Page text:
Artists work to capture the soul of animals in paint.
By Richard Anderson
A lot of people can sketch the form of an animal—its body, its legs, the features characteristic of a given species’ face—at least well enough to differentiate a pine marten from a buffalo.
Much more difficult, however, is capturing the wild spirit of an animal.
That is what distinguishes draftsman from artist. And it is what tells the tale of Anglo-Americans’ changing attitude about the wild: from a resource to be exploited to an icon to be revered.
Adam Harris, curator at the National Museum of Wildlife Art, uses two paintings to represent the dramatic transition.
The first is by George Catlin. The image from the 1830s, depicting a Plains Indian on horseback striking a blow on a fleeing bison, is ethnographic. It captures a moment in life of pre-industrial man making use of the resources around him.
The second image is Three Matriarchs, by Jackson Hole painter Kathryn Mapes Turner. Nearly two hundred years after Catlin she catches three cow elk crossing a river at dawn. The creatures are barely visible, silhouettes against the silvery reflection of day’s first light on water, but their forms nevertheless communicate alertness, stealth, power. Their beauty and majesty, through the veil of shadow, is the subject, their value as life understood.
Early explorer artists, Harris said, were documentarians, even sort of quartermasters, inventorying the resources of the frontier.
“The next wave of artists had a more romantic sensibility,” Harris said, “especially after the first wave of settlers had moved across the landscape and many animals had been slaughtered to near extinction. There’s a real mournful attitude about the squandering of these creatures.”
The 1950s and ’60s saw art related to conservation—such as duck stamps, with money raised going to preserving habitat—that gave rise to the modern view of valuing animals “because it’s an important thing to do,” Harris said. “That’s when you begin to see art that talks about it as an integral part of the landscape and the ecosystem.”
The art becomes about the animal itself and its own intrinsic value and how it embodies wildness.
So how do artists capture that wild spirit in paint? Different artists take different approaches.
Turner grew up around wild and domesticated animals on her family’s Triangle X Ranch. Her father, John Turner, had a habit of bringing home wounded raptors to rehabilitate and re-release. And she did 4-H for years and years. Her experience with a wide variety of creatures is firsthand and up-close.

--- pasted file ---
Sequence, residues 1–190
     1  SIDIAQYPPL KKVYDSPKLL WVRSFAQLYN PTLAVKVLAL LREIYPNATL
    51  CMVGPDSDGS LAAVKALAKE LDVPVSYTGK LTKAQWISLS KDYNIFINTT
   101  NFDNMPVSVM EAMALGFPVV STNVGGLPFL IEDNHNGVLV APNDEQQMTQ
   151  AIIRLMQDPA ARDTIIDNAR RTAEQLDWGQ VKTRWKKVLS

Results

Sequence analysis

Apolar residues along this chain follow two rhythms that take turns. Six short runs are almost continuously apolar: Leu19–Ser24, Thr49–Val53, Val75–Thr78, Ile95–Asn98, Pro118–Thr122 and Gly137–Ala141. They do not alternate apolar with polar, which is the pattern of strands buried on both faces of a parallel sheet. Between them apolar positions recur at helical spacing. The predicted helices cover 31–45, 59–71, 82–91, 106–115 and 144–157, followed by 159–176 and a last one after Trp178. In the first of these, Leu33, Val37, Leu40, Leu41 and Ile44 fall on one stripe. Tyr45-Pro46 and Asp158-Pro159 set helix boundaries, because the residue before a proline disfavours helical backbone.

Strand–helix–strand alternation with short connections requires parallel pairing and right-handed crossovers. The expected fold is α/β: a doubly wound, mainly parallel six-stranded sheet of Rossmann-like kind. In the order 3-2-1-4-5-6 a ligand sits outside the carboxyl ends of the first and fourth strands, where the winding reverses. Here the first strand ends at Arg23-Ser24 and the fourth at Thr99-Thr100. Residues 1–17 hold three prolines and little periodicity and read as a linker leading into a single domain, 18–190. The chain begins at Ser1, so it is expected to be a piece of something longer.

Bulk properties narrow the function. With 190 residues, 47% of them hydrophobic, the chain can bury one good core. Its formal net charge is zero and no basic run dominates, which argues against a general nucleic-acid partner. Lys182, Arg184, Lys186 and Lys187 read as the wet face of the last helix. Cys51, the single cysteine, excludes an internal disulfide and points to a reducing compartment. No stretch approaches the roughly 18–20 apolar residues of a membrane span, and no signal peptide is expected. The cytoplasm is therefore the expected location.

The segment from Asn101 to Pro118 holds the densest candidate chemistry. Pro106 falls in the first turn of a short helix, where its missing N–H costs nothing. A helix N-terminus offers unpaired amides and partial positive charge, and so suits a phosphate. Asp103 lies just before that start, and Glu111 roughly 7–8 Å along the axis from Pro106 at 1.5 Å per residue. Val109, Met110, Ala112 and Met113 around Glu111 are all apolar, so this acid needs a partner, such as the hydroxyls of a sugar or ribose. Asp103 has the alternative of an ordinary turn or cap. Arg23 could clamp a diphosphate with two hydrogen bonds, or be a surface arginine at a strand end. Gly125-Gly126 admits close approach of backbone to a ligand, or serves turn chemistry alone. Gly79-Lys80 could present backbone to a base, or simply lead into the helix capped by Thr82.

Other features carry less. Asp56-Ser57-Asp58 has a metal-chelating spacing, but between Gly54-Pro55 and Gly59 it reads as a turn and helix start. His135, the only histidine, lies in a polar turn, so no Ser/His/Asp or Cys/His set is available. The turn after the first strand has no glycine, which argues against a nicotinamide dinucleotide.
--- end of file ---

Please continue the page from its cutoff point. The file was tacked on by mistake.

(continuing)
Turner calls herself a meticulous draftsman who spent years studying anatomy and musculature. She still does, painting from life, photos, and video. Once she slowed down a YouTube video of a bird in flight.
“I never knew … when a bird is flapping its wings, its head doesn’t really move,” she said. “The head is very still and peaceful.”
“The other thing when depicting wildlife is to get a sense of their soul,” Turner said, “and that lays in the eyes. That’s always where I start. If I can’t get that right I might as well not even go with the rest of it.”
Jackson painter Amy Ringholz has a knack for nailing the eyes of her wild subjects, Turner said. Her colorful palette gives her bears and owls and wolves an abstract, untamed look, but their eyes are always deep and penetrating.
Turner also praised September Vhay’s ability to capture these windows into an animal’s soul.
Vhay’s skills also come from a lifetime around animals, especially horses. She mentioned a large charcoal drawing of one she had recently drawn from life.
“A couple of times it moved its head in a certain way,” she said, “and it was so much the essence of what horses do—a head tilt, something that’s so horse-like.”
For her it is “ingrained” in her nature, she barely has to think about it. Which is why her “Red Horse” series is so successful: In just a few quick but perfect lines, placed by a hand that has drawn the shapes a thousand times or more, she captures the form, the mass, the muscle and character of a horse.
“If they are animals I know … it’s even richer,” she said, “I paint the horse I ride, so there’s a personal connection.”
Idaho painter Mary Roberson takes a different approach, tapping into her own wildness.
“It’s actually kind of letting go of any control,” she said. “When I approach painting, I have to let go of control.”
Part of her process of capturing wildness is creating abstract backgrounds, out of which her animal subjects emerge.
“I think creativity is magic, and I think it’s something that shows up when it’s least expected,” she said. “I’ll go to my drafting table at night and sketch out what I think I want to do the next day, and then go to studio and get a canvas out and it’s never anything like what I sketched.
Maybe it’s something I do to pretend I run it, but no one runs creativity.
What I look forward to is that element of surprise, the unexpected.”
Which, come to think of it, is practically the definition of “wild.”